Five candidates competing for the Democratic Party's nomination for governor Wednesday affirmed support for imposition of gun-safety mandates and for legalization of medical marijuana while clashing over their previous positions on abortion rights and concealed firearms.

The televised debate following a broadcast Tuesday with Republican Party gubernatorial candidates also afforded Democrats a broader forum for denouncing policies of Gov. Jeff Colyer and former Gov. Sam Brownback, who have led the state since 2011.

Topeka Sen. Laura Kelly, former Wichita Mayor Carl Brewer, Olathe physician Arden Andersen, Wichita teenager Jack Bergeson and former state Rep. Josh Svaty shared frustration with permissive Kansas law on the carrying of concealed handguns.

State lawmakers repealed a requirement that people seeking to carry concealed had to undergo eight hours of training, clear a review by the attorney general's office and pay a state licensing fee, Svaty said. His critique, aimed at Kelly, made reference to the mass shooting of 20 children and six adults in 2012 at Sandy Hook Elementary School in Newtown, Conn.

"After I left the Legislature, the Legislature removed most of those (requirements)," Svaty said. "In fact, Sen. Kelly not only voted for that legislation, she co-sponsored it. This was two years after Sandy Hook."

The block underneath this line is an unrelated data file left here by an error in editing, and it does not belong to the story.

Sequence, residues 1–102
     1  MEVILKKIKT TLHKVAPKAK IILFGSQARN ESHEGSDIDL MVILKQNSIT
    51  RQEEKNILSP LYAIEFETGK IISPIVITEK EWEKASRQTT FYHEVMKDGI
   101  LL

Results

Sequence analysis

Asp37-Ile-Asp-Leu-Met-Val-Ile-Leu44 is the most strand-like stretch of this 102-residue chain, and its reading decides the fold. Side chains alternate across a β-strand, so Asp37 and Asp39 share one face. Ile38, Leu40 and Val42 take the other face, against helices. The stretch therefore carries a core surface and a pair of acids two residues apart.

Andersen and his four peers agreed on the need to legalize medicinal use of marijuana in Kansas.

"The legalization of, at least medicinal marijuana, would help us eliminate or address the opioid crisis," Andersen said. "We need it as a medicine."

None of the Democratic candidates was keen on raising taxes, but Bergeson and Svaty recommended reduction in the state's 6.5 percent sales tax on food.

In response to a question about abortion, candidates Brewer, Andersen and Bergeson said they had no interest in interfering with a woman's decisions about reproductive health.

"I don't believe that any man has a right to tell a woman what she should or should not do with her body," Brewer said.

Kelly touted her pro-choice credentials and criticized Svaty for 11 pro-life votes he cast as a member of the Kansas House.

"He overrode a Democratic governor's veto of that same legislation four times. It's important we not mislead voters," Kelly said.

The debate broadcast by WIBW and KWCH included a question about how the Democratic winner of the Aug. 7 primary election could prevail in a state dominated by GOP voters.

Bergeson, preparing for his senior year of high school, said he wanted to replicate the surprise victory by former professional wrestler Jessie Ventura during the 1998 gubernatorial race in Minnesota.

"When the American people and the people of Kansas see tonight that I have the right temperament ... I think we're ready for a 1998-type upset," he said.